Water by Another Name Is Still the Same

Cups and containers made with polystyrene (PS) plastic leach toxic dihydrogen monoxide.


Dihydrogen monoxide pranks have been around for years, appearing in student projects, e-mail hoaxes and a number of silly websites. (See example: Dihydrogen Monoxide Research Division) The offshoot involving polystyrene arose when someone failed to recognize a hoax website for what it was. Fortunately, this version of the prank was fairly short lived.


...websites like the Dihydrogen Monoxide Research Division's DHMO.org, which says:

Dihydrogen monoxide is colorless, odorless, tasteless, and kills uncounted thousands of people every year. Most of these deaths are caused by accidental inhalation of DHMO, but the dangers of dihydrogen monoxide do not end there. Prolonged exposure to its solid form causes severe tissue damage. Symptoms of DHMO ingestion can include excessive sweating and urination, and possibly a bloated feeling, nausea, vomiting and body electrolyte imbalance. For those who have become dependent, DHMO withdrawal means certain death.

Despite the known dangers of DHMO, it continues to be used daily by industry, government, and even in private homes across the U.S. and worldwide. Some of the well-known uses of Dihydrogen Monoxide are:

  • as an industrial solvent and coolant,
  • in nuclear power plants,
  • by the U.S. Navy in the propulsion systems of some older vessels,
  • by elite athletes to improve performance,
  • in the production of (polystyrene),
  • in biological and chemical weapons manufacture,
  • as a spray-on fire suppressant and retardant...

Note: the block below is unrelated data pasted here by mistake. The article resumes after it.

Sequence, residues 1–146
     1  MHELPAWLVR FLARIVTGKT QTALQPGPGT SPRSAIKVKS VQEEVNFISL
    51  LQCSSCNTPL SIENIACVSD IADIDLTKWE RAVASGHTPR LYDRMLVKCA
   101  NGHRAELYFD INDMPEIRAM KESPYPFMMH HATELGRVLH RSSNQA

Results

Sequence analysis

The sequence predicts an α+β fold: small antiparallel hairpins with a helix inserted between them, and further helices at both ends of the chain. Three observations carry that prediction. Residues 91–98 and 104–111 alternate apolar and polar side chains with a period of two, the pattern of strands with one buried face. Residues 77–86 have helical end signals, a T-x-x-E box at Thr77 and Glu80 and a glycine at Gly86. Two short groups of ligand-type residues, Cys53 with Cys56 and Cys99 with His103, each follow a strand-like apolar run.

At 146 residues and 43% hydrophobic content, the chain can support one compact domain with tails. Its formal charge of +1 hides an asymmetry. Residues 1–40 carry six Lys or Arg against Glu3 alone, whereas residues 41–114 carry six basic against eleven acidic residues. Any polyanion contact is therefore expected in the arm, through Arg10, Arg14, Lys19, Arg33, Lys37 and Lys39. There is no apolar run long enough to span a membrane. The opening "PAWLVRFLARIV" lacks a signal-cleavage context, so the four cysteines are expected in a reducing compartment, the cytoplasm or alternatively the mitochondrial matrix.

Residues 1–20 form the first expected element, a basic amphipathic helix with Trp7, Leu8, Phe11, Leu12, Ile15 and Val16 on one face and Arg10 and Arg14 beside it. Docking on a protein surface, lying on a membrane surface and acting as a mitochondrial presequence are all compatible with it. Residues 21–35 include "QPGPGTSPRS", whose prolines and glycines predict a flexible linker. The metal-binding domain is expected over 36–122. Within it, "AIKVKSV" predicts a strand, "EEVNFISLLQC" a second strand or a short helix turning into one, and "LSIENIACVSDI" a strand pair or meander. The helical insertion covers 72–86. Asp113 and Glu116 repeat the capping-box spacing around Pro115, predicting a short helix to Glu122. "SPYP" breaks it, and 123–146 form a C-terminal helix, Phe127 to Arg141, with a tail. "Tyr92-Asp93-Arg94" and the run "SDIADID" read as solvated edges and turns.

All dihydrogen monoxide pranks share two things in common: (1) they are generally based in fact, and (2) they neglect to mention that “dihydrogen monoxide” is just another name for water.

(Think about it. “Dihydrogen” indicates two hydrogen atoms, or “H2.” “Monoxide” refers to a single oxygen atom, or “O.” Put them together, and you get H2O.)

If you reread the above spoof, you’ll see that the information is generally factual. For instance, dihydrogen monoxide is a real chemical compound, also known as water. Under very extreme conditions, water can cause drowning, hypothermia and other dangers. And water is used in the manufacture of polystyrene. But using water in the manufacturing process does not pose a health risk to consumers. (Now that you’re in on the prank, this should be fairly obvious.)

So, how did the particular myth about the dangers of dihydrogen monoxide in polystyrene get started? In March 2004, someone came across a dihydrogen monoxide hoax on the Internet, and without first verifying the information with an authoritative source, incorporated the bit about polystyrene into a proposed city council ordinance. Fortunately, the facts came to light and the proposal was withdrawn.

Before you send, spare your friends the unnecessary concern. Don’t leave yourself open to potential embarrassment. Always verify an Internet scare with an authoritative source before spreading the word. Learn more about how to research a rumor.


Other MythBusting Websites